Mayberry, March 2011

 

White front geese greeted me on the way to Mayberry. I recall seeing them at this same small pond during March of previous years – one of their last hangouts before they head north. (Click to enlarge photo.)

White-front geese near Antioch Bridge.

Another common site on the way to Mayberry in late winter is goats grazing on the levees. This levee maintainance is a necessary evil.

Levee goats 3-14-11.

Maybe the goats are early enough that the cover can recoup in time for pheasant nesting season. The levee is the only part of the property that has suitable cover for nesting.

Here's something new at Mayberry, Canada geese. Maybe they'll hang around to nest, if they can find a bush to hide behind.

 The weather was not good for photography, so I drove around the levees hoping to find something encouraging. A kildeer posed for me.

Kildeer are something else that's new.

I imagine we’ll have kildeer for a year or two, until the habitat matures. Then they look for another site with no cover.

A look at the neighboring pasture, brought back memories of the days when we had seasonal marsh.

A look at the Mayberry ponds was discouraging.

Mayberry’s ponds held a few ducks in the remaining shallow spots, but most of the ponds were deep and void of waterfowl use.

A flock of snows passed by and then a larger flock of white-fronts lifted off to the west and passed overhead.

These geese made a lot of noise.

The specs came by even closer.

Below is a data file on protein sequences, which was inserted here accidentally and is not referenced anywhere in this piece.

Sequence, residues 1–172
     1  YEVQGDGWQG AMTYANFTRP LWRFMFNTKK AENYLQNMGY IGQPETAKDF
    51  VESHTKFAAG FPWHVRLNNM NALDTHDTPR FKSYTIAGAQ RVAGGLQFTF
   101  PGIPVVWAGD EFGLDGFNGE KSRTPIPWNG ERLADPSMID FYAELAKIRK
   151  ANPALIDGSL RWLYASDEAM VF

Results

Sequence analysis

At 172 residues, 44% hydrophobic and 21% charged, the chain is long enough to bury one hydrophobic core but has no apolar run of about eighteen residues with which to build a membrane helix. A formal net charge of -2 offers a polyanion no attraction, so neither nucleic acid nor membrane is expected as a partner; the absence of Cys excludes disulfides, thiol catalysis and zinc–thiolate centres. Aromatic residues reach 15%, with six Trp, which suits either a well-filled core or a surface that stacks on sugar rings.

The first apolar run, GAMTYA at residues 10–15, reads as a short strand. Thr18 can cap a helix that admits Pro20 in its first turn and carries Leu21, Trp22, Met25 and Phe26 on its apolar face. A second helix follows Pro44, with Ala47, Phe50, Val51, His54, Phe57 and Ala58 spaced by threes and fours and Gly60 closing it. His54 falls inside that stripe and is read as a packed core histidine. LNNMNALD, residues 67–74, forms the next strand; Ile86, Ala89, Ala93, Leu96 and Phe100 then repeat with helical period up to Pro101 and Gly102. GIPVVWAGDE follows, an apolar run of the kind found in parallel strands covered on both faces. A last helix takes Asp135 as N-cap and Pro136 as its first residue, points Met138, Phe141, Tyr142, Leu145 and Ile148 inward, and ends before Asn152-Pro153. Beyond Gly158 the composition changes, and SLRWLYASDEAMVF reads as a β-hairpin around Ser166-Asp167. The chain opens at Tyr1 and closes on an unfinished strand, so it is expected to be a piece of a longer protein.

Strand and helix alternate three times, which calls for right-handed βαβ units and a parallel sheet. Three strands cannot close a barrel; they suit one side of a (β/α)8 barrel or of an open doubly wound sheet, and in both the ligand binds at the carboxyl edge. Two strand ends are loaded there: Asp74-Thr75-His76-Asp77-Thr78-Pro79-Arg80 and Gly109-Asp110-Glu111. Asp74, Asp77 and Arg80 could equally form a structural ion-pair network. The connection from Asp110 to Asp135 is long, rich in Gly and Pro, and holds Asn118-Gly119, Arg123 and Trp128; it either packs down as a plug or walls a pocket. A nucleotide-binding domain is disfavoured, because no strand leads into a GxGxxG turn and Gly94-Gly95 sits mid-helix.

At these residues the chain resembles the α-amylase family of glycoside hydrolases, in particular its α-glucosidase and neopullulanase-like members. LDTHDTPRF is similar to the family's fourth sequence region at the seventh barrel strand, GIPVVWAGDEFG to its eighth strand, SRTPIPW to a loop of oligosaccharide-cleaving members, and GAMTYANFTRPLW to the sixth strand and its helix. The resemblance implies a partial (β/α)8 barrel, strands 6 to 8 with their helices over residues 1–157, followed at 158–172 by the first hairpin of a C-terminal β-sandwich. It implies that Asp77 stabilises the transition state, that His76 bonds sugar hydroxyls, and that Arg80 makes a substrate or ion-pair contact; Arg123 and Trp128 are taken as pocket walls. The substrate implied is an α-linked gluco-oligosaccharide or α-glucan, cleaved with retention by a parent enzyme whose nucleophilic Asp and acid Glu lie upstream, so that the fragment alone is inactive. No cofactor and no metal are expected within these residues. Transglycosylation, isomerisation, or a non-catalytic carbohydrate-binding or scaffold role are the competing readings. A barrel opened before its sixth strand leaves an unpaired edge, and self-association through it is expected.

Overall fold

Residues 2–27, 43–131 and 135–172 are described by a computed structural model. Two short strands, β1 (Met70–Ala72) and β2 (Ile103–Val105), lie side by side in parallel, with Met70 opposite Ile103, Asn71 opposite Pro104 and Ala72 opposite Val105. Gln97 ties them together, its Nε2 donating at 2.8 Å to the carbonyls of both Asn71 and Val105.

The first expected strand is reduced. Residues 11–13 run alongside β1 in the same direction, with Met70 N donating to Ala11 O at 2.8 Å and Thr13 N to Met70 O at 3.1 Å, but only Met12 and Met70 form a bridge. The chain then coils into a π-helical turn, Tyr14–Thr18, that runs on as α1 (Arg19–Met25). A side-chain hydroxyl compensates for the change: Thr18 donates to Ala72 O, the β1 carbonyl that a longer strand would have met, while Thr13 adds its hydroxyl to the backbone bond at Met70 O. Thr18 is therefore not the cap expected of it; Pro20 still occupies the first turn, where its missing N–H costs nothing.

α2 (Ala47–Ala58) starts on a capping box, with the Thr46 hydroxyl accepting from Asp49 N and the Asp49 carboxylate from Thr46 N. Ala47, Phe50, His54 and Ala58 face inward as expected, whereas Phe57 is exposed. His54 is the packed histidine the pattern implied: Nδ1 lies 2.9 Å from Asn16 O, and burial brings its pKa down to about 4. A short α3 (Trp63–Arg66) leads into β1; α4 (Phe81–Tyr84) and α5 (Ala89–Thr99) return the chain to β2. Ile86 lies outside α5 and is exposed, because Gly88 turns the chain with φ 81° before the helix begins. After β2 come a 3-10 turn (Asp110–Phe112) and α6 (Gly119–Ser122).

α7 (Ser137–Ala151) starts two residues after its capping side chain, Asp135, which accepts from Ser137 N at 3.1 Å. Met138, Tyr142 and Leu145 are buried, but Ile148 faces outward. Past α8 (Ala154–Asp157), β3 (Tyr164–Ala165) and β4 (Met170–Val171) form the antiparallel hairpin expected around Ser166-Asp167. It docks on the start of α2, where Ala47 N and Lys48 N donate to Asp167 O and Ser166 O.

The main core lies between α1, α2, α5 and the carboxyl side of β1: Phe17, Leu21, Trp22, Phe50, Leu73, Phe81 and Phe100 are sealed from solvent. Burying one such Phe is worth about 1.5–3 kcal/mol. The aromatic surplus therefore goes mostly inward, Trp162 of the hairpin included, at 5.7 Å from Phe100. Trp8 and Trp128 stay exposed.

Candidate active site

White-front geese at Sherman Island

Waterfowl was evident all around, but mostly not using Mayberry.

A few sprig were using the shallowest portion of the ponds. As the skies lightened, I got a pretty good photo of one passing by.

Pintail drake over Mayberry.

Light conditions were very poor for photography of birds in flight, but the sun did come out to illuminate this pintail.

A few attempts to photograph the goldeneyes of Mayberry slough resulted in one pretty good shot.

The goldeneye live on the slough, but seldom travel over the ponds.

It’s almost time for the goldeneye to depart northward. They’ll be back again next Thanksgiving.

Cliff swallows are ever present at Mayberry.

Cliff swallows are tough to photograph in flight.

Antioch Bridge view from Mayberry.

I suppose the swallows make their nests on the bridge.

Along the Sacramento River bank, I photographed this snowy egret. He showed well on a gray day.

Snowy egret hunting.

He lifted off and the photo in flight came out pretty well too.

Things will improve at Mayberry as the habitat matures. It’s interesting to see how wildlife use changes with the habitat.

One thought on “Mayberry, March 2011

  1. Rich – Great pictures of the wildlife. With the rains and hunting season over, waterfowl are everywhere. I have Canadas, Mallards and Mergansers in the creek by my office.

    Sunday I went South of SJ in an area my brother in law is hoping to hunt during turkey season. Again birds everywhere.

    We found two flocks of turkeys and entertained ourselves by calling them. At one point we had 4-5 gobblers sounding off at once and had several rushing our way until they saw us in street clothes standing by the parking car. Cannot wait until 3/36.

    We also stopped by the VA hospital in Livermore as I remember your turkey pictures last year. I was expecting a huge flock but not the +100 birds we found. Very fun. Thanks,

    k

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